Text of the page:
minutes ago, he's going to go and ask questions again tomorrow. so, i you kndon't think this is to be a walk in the park for president trump if that wasn't completely obvious. >> ken dilanian, i want to bring you into the conversation, ask you about white house efforts to engage the rnc and others to smear jim comey. that seems like a foolish strategy for a man who seems to relish bucking presidents of both republican presidents and democratic presidents. what are the perils for republicans who sort of fall into the trap of agreeing to be stooges for this white house? >> i agree. that's a perilous strategy, nicolle. this is a man who worked for both republicans and democrats, a 6'8" former prosecutor who speaks in full paragraphs. as we can see from this document today, he writes really will, he knows which details are going to be compelling. for example, there's a lot in this testimony that we already knew about, thanks to reporting by mike schmidt and our own reporting.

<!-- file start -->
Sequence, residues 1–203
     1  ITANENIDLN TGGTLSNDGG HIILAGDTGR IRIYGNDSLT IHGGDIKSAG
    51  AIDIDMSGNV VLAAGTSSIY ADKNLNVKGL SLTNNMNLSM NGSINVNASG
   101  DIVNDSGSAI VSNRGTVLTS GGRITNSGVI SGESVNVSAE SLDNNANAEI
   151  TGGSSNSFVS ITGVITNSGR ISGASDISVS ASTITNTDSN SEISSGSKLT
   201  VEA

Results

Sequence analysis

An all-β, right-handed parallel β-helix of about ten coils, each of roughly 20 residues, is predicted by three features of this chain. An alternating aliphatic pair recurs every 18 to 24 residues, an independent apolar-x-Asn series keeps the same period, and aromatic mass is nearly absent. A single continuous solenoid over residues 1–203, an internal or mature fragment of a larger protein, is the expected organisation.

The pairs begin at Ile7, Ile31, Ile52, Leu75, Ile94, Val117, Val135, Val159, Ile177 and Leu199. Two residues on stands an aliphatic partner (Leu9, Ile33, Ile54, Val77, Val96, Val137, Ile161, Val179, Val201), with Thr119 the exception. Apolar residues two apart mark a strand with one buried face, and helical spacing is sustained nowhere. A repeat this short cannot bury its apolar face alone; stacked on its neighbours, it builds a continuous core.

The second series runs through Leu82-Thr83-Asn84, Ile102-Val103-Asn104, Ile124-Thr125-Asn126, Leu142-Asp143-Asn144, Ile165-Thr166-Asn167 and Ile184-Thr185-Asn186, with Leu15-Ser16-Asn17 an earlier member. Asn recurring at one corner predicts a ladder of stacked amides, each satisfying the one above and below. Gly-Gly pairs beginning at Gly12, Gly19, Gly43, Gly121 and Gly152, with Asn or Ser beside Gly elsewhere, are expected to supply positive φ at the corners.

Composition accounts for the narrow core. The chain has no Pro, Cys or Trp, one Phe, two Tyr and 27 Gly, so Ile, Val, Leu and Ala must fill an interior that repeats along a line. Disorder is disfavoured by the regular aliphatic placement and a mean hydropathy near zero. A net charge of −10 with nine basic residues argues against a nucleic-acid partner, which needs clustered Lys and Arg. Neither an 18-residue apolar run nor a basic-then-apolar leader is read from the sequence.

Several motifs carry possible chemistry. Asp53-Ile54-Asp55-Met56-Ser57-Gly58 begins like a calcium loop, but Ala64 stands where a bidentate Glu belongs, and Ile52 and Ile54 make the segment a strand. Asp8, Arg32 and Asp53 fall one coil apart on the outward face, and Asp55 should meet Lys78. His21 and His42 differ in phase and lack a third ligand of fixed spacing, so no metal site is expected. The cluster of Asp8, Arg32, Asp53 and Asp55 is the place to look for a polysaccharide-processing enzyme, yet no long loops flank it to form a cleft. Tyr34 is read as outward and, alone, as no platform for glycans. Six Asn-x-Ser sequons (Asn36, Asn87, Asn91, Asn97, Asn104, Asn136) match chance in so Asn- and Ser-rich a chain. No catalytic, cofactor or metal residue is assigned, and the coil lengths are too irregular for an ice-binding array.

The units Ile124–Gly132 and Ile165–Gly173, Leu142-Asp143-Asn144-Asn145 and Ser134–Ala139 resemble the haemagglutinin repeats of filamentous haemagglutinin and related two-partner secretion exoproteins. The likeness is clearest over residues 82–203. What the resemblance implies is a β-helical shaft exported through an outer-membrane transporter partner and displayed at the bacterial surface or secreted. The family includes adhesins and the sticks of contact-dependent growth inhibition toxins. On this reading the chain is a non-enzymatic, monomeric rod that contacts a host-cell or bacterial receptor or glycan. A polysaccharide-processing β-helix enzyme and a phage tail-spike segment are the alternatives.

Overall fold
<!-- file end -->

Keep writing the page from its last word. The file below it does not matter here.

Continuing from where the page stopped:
for example, you know, the conversation about mike flynn. but what we didn't know is jim comey recounting that he stared down the president of the united states, he locked eyes and didn't say anything. you know, in this detail about typing out the memo in the car, this is a man not to be trifled with. he's clearly documented these interactions. now that said, comey will be asked, i think, it's a fair question, if you were so troubled by these events, why didn't you resign? and he will be asked whether he thinks this obstruction of justice. it will. intere be interesting to hear what his answers are to those questions. >> comey writes, "he said to me, i need loyalty, i expect loyalty. i didn't move, speak, or change my facial expression in any way during the awkward silence that followed. we simply looked at each other in silence. the conversation then moved on but he returned to the subject near the end of our dinner. he then said, i need loyalty. i replied, you will always get honesty. he paused and then said, that's what i want. honest loyalty. i paused and said, you'll get that from me." michael schmidt, you've covered